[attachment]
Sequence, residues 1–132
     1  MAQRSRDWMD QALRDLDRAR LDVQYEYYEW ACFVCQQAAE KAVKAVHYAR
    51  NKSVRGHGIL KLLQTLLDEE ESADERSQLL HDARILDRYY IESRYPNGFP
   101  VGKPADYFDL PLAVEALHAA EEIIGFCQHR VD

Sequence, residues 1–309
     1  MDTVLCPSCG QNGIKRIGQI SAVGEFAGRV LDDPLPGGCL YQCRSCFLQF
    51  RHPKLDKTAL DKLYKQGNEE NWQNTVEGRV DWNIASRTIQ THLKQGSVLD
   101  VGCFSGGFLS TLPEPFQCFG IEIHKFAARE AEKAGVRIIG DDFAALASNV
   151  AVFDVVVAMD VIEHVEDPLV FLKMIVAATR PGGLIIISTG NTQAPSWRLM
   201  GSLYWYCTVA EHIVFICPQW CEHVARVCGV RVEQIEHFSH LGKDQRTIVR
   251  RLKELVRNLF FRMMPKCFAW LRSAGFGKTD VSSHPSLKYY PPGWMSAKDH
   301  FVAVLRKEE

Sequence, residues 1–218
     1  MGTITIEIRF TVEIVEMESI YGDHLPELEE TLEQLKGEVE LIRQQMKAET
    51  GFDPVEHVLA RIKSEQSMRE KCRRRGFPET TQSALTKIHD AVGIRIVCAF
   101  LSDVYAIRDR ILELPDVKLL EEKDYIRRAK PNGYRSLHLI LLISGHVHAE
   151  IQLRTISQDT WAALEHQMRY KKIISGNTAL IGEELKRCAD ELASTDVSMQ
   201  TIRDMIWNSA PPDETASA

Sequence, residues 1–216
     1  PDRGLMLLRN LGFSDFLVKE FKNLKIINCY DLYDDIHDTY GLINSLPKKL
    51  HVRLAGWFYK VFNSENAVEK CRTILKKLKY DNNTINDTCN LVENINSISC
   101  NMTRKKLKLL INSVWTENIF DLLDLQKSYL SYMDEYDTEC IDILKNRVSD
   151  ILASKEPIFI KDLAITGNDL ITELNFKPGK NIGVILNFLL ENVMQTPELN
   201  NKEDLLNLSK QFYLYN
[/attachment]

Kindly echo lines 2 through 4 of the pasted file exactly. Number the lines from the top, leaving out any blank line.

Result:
     1  MAQRSRDWMD QALRDLDRAR LDVQYEYYEW ACFVCQQAAE KAVKAVHYAR
    51  NKSVRGHGIL KLLQTLLDEE ESADERSQLL HDARILDRYY IESRYPNGFP
   101  VGKPADYFDL PLAVEALHAA EEIIGFCQHR VD